Learning Language Rules
- 1Look at a pronunciation guide. Pick up a language textbook, or look for a language-learning guide online that focuses on the rules of pronunciation in the language you are interested in. A good pronunciation guide should have a section dealing with silent letters.
2Find out which letters are most often silent. Depending on the language you are working with, particular letters may be frequently or always unpronounced. For example:
- You could try a language pronunciation guide that uses both text and audio, like How to Pronounce French Correctly by Stanley Connell.
- You may also be able to find a silent letter pronunciation guide online, like this detailed English example from Kent State University.
3Learn the rules of when letters are silent versus spoken. Sometimes, letters that are normally silent in a language are pronounced under special circumstances. For example, many consonants at the ends of words in French are normally silent. However, they may be pronounced when followed by a word that starts with a vowel.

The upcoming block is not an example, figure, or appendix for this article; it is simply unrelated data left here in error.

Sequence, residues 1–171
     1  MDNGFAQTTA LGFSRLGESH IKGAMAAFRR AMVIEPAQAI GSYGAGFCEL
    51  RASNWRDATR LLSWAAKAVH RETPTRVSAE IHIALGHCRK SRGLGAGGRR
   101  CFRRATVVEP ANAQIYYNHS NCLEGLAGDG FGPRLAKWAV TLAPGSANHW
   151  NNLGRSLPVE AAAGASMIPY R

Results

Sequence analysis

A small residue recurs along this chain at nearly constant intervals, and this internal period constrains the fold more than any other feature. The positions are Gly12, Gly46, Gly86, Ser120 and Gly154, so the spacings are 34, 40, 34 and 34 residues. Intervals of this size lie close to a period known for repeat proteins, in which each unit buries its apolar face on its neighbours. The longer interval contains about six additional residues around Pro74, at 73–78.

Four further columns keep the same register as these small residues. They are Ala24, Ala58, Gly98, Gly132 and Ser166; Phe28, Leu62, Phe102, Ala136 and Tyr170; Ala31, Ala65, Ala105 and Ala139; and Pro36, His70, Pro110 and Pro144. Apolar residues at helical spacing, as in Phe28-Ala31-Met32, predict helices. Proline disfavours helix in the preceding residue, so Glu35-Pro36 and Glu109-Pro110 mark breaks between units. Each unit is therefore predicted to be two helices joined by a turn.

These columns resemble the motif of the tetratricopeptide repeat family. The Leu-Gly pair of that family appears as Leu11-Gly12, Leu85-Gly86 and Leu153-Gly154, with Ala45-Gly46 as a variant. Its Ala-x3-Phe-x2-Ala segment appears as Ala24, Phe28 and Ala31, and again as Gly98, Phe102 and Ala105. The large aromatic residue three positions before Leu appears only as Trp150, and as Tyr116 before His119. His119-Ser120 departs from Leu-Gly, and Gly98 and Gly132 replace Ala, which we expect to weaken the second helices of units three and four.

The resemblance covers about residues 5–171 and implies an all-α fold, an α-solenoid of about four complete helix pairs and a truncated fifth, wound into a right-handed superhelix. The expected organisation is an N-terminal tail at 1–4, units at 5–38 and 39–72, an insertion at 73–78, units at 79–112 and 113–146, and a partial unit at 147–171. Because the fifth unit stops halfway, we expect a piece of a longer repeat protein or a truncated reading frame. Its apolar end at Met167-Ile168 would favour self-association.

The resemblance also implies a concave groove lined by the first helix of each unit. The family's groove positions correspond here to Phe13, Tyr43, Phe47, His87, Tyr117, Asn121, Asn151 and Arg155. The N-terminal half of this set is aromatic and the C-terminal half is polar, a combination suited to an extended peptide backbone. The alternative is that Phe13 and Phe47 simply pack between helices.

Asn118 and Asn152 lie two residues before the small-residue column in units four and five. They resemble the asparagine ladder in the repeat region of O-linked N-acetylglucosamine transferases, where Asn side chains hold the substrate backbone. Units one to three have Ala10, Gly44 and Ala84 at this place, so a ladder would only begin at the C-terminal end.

- H is always silent in French.
- In English, if a word follows the CVCV (consonant-vowel-consonant-vowel) pattern, a final E is almost always silent.
4Look up the differences in pronunciation in different dialects. Even within a single language, the rules may vary depending on accent or dialect. For example, an R at the end of a word may be pronounced in many dialects of American English, but not in British English.
- E.g.: In “les grands arbres,” pronounce the S in “grands.” In “le gros livre,” do NOT pronounce the S in “gros.”
- A similar phenomenon can happen in some dialects of English. For example, a final R sound in British English may be pronounced if the next word starts with a vowel. E.g.: In “the baker,” the R in “baker” is silent. In “the baker and I,” the R is pronounced.
- E.g., the word “baker” is pronounced ˈbeɪ.kər (bay-kah) in UK Standard English, and ˈbeɪ.kɚ (bay-ker) in standard American English.
- In Canadian French, consonants that are usually pronounced in Metropolitan French may be dropped in casual speech. For example, “la” may become just “a”.
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Source: wikihow. com